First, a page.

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Falvey Brown Bag Lunch Series: Fall 2019

Please join us for the Falvey Brown Bag Lunch Series. Sessions will begin at 12:00 p.m. in Falvey’s room 205.

Text Analysis 101 (Tuesday, Sept. 24)

Analyzing textual data with computational tools can aid in both reading and interpretation, allowing us to discover patterns and trends across large volumes of text. Come learn more about text analysis and introductory software for text and data mining like AntConc and Voyant Tools. Session will be led by Librarian Erica Hayes.

Measures of Impact (Wednesday, Sept. 25)

Learn about impact factors, fake impact factors, other citation measures, and altmetrics. (Also offered Oct. 29). Session will be led by Librarians Deborah Bishov and Alfred Fry.

Affordable Materials Project @ Villanova University (Wednesday, Oct. 2)

Join us for a discussion about library supported (licensed books and articles, copyright “fair use”, course reserves and OER) and bookstore offered (early adoption, Follett Discover, course packs) mechanisms for keeping a check on the cost of course materials. Session will be led by Librarian Linda Hauck and Bernadette Mania, Villanova Bookstore Course Materials Manager. Preregistration required: https://bit.ly/2jZS1ae

You may also join this session remotely via Zoom: https://villanova.zoom.us/j/496692906

Capturing the Web: Introduction to Web Archiving (Thursday, Oct. 3)

Get a foundational view of web archiving and learn ways to leverage the Wayback Machine and other web preservation tools in your scholarship and teaching. Session will be led by Archivist Beaudry Allen.

Data Visualization with Tableau (Wednesday, Oct. 16, Griffin Room, 10:00 a.m.)

What makes a good data visualization? In this session, we will discuss how to tell a compelling story using effective visual elements. We will also provide a gentle introduction to using Tableau Desktop Public, a free software that allows individuals to publish interactive data visualizations on the web. Session will be led by Librarian Erica Hayes.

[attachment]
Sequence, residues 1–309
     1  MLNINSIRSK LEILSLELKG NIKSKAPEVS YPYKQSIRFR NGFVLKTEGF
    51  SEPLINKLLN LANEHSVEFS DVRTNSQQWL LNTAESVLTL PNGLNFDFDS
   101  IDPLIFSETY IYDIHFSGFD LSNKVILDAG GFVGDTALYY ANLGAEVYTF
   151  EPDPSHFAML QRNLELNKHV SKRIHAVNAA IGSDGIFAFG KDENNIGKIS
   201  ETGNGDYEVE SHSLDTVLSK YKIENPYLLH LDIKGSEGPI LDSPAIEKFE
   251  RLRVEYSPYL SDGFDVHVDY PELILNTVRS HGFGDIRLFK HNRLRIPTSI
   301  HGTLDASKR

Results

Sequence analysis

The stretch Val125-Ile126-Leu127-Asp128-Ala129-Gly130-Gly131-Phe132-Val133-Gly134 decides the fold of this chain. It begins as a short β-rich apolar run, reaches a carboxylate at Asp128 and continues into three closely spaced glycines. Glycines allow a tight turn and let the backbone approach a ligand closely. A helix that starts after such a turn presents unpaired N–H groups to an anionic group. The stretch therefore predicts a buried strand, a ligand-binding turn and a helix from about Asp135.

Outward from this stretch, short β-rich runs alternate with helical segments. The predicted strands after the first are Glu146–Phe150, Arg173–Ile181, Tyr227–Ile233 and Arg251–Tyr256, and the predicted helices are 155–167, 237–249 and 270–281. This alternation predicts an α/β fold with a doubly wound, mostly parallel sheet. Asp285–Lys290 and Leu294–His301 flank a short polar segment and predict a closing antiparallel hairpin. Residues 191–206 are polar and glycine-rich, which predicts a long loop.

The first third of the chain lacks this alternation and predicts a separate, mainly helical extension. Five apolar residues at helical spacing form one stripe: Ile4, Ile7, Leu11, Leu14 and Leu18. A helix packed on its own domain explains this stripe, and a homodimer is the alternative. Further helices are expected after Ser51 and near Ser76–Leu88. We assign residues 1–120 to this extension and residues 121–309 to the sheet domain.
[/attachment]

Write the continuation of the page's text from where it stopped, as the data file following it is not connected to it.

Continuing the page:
Open Educational Resources (Wednesday, Oct. 23) 

Open Educational Resources (OER) can reduce textbook costs for students and push publishers to reconsider their textbook publishing models. If you are not entirely satisfied with the textbook you are using and are interested in learning about options, this workshop is for you! Session will be led by Librarians Linda Hauck and Sarah Hughes. Preregistration required: https://bit.ly/2kyNg7O

You may also join this session remotely via Zoom: https://villanova.zoom.us/j/887238686

The 2020 Census (Wednesday, Oct. 23, Speakers’ Corner, 4:00 p.m.)

Expert panel with Camille Burge, Political Science; Judith Giesberg, History; Rory Kramer, Sociology and Criminology; and Stephen Strader, Geography and the Environment. Ahead of Census 2020, coming up this spring, faculty experts will provide context and insight into the history of the Census, its use in research and policy-making, and issues particular to this upcoming Census. Session will be led by Librarians Deborah Bishov and Merrill Stein.

Measures of Impact (Tuesday, Oct. 29)

Learn about impact factors, fake impact factors, other citation measures, and altmetrics. Session will be led by Librarians Deborah Bishov and Alfred Fry.

Storytelling and GIS (Wednesday, Oct. 30)

While maps have been around for centuries, the digital age has given them new meaning. GIS software offers users the potential to visualize, analyze, and tell spatial stories. Learn more about GIS and the many online mapping platforms out there, including Esri Story Maps, Social Explorer, and StoryMapJS. Session will be led by Librarians Deborah Bishov and Erica Hayes.

Chicago-Style Resource Formatting and Management: Best Practices and Recent Updates (Wednesday, Nov. 6)

Learn about changes proposed in the 17th edition, best practices and tools to manage sources, and how to navigate the content-rich CMOS online platform. Session will be led by Librarian Jutta Seibert.

Staying Alert: Tracking New Books and Publications in Your Field (Thursday, Nov. 7) 

Let your inbox be your watchdog and get notified of new publications on your interests or new citations of your work. Session will be led by Librarians Sarah Hughes and Susan Turkel.

Citation Wrangling (Tuesday, Nov. 12)

Serious research projects call for no-nonsense tools for taming citations. Learn how to use Zotero and Mendeley to save, organize and share references. Session will be led by Librarians Nik Fogle and Alfred Fry.

Introduction to Data Management (Wednesday, Nov. 13)

Learn about data management plans and best practices. Session will be led by Librarian Alfred Fry.


Kallie Stahl ’17 MA is Communication and Marketing Specialist at Falvey Memorial Library.